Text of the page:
The Value of Attention Retention
Adverts are a patently visible component of the online world, telling us what music, books, films, and other products we should be buying. Increasingly, advertisers are targeting adverts at specific consumers, based on their knowledge of consumer browsing behaviour and past spending patterns. This ability to precisely target advertisements based upon past behaviour and individual character traits represents a key advantage of the Internet over older media that must use a one-size fits all approach to advertising. Quick to recognise this potential, advertisers and publishers alike have flocked online - making the online advertising market a crowded and dynamic competitive environment. An important policy question, then, is how to disentangle from this competitive maelstrom those factors that affect the prices of averts and of consumer goods. Economic theory can help here. This image summarises an economic model of advertisement targeting and consumer avoidance, and shows how these factors can interact to drive advertisement prices either higher, or lower.
At one extreme (right-hand side of the image), if consumer targeting of adverts is completely inaccurate, then the adverts will be of little value because they are almost never impressed on consumers who are interested in the actual advertised product. From this starting point, an increase in targeting accuracy (moving towards point A in the figure) means that advertisements start to match consumer interest more frequently — resulting in an increase in the value (and price) of those ads. As targeting accuracy increases yet further, another effect starts to take hold: the targeting technology results in multiple firms competing to sell the same products to the same (likely interested) consumers. These multiple exposures increase competition between advertisers, forcing them to reduce the prices of their products, which ultimately applies a downward pressure on ad prices.
Advertisement publishers (such as news sites) who generate revenue from advert sales, and who therefore have an interest in keeping advert costs high, have a weapon to protect against this downward pressure. Heavy investment in good content attracts large shares of consumer attention, so the publisher can offer its advertisers a degree of exclusivity over access to that attention and, in so doing, protect them from competition by rival firms advertising elsewhere (point B; the cost of adverts therefore increases). When most consumers either ignore, block, or otherwise avoid advertisements, however, the returns on such investment are low, so publishers implement only modest increases in content quality after an increase in targeting accuracy. The result is that, for sufficiently high levels of advert avoidance, increasing targeting accuracy eventually causes advert prices to fall (point C in the image).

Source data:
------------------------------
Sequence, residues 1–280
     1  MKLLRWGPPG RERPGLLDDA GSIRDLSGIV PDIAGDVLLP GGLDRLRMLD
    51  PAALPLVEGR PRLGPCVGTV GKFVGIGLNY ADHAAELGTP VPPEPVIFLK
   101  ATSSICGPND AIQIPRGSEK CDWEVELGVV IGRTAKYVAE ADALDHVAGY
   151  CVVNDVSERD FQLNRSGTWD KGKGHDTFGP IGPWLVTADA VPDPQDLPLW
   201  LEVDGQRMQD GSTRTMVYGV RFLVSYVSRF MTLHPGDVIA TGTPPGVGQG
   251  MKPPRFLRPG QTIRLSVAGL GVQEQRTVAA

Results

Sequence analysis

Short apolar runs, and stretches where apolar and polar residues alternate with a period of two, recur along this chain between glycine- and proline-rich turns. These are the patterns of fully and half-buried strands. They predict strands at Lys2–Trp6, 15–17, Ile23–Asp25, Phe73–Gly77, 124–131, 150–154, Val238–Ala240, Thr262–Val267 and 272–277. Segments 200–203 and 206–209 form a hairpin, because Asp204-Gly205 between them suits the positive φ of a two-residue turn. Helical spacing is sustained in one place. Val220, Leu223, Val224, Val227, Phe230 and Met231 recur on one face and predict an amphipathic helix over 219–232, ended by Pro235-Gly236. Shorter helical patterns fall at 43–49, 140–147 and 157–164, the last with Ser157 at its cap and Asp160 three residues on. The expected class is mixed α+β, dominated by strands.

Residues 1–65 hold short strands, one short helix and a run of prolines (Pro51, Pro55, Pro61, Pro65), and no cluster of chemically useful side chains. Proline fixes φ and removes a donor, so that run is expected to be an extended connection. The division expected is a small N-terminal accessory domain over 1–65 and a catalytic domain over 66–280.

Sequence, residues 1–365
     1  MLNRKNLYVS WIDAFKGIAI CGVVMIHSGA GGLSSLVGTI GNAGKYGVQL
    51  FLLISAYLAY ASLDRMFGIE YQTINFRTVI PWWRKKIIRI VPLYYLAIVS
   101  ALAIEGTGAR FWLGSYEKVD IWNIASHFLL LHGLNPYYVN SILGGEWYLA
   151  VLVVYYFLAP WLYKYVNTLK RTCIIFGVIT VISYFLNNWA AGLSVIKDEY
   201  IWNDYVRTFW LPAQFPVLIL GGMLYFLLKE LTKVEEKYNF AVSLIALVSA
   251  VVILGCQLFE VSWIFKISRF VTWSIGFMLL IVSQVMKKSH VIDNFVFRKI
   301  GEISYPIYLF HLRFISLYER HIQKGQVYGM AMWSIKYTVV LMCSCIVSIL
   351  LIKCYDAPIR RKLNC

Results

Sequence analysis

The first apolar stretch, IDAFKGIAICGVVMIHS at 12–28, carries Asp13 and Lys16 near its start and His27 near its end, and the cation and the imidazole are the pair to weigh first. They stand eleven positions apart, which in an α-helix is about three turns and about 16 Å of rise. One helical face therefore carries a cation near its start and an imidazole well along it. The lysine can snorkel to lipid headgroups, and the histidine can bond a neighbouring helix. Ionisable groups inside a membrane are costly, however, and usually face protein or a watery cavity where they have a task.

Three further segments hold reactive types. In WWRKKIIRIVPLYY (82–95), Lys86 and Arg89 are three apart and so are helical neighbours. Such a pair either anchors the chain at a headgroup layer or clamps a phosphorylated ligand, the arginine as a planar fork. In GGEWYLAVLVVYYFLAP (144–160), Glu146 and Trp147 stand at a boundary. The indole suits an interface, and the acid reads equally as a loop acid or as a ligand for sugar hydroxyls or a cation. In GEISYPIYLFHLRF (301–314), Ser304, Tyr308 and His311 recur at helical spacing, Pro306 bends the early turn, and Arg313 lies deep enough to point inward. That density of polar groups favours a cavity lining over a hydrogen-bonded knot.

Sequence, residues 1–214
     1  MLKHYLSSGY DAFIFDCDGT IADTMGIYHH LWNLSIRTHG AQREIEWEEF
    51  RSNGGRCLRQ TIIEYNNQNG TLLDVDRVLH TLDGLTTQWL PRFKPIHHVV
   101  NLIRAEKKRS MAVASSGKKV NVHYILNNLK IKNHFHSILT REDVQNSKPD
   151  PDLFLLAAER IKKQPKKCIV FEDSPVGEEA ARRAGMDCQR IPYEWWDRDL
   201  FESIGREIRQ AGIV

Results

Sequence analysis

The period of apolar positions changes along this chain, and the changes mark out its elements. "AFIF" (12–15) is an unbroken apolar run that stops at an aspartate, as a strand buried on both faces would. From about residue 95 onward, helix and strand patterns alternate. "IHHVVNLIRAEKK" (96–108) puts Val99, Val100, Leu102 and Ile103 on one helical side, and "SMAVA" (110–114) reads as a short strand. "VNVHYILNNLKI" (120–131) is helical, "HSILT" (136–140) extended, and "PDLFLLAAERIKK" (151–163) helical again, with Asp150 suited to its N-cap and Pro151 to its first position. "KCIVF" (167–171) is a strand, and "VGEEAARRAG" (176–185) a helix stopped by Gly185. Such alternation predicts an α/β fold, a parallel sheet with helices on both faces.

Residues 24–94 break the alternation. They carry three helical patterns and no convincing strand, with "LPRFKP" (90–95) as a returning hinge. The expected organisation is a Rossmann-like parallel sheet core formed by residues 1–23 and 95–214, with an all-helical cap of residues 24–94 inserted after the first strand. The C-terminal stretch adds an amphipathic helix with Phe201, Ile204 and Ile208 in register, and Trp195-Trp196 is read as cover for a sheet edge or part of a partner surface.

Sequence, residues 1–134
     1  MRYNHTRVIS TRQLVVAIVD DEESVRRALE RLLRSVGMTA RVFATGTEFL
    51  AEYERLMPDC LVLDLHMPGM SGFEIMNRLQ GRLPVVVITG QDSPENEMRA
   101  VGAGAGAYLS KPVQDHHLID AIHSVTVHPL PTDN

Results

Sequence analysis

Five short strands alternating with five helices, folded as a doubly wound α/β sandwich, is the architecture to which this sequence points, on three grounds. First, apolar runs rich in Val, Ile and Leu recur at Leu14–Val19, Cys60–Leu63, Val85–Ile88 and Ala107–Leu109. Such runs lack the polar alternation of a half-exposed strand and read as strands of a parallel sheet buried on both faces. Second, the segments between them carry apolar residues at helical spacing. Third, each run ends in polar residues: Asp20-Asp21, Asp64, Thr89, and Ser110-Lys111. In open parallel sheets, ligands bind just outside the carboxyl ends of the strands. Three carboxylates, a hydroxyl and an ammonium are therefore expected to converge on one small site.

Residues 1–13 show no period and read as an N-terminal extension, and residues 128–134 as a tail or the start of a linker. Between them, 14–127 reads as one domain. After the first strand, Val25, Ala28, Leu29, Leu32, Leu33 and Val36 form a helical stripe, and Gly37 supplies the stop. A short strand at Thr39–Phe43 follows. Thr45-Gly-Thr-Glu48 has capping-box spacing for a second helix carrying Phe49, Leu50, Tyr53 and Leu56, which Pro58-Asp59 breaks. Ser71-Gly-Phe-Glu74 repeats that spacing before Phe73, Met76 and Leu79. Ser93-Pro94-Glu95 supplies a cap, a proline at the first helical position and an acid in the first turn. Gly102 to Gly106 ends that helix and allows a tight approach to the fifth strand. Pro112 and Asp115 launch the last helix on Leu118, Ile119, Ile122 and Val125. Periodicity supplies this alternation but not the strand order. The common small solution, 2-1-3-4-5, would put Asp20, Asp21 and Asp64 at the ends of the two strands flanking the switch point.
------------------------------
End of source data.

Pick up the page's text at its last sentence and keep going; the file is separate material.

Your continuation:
Emerging empirical results lend credence to this line of reasoning. We know from Rauch (2011) that consumer goods prices are remarkably sensitive to the extent to which consumers are exposed to informative advertisements, from Sun and Zhu (2011) that publishers make content decisions in response to incentives in the market for advertisements, and from Goldfarb and Tucker (2010) that targeted advertising is a highly effective way of communicating with consumers. For further discussion of this model, see Taylor (2011).
- Goldfarb, A. and Tucker, C.E. (2010) Privacy Regulation and Online Advertising. Working Paper.
- Rauch, F. (2011) Advertising Expenditure and Consumer Prices. Working Paper.
- Sun, M. and Zhu, F. (2011) Ad Revenue and the Commercialization of Content: Evidence from Blogs. Working Paper.
- Taylor, G. (2011) Attention Retention: Targeted Advertising and the Provision of Media Content. Working paper, Oxford Internet Institute, University of Oxford.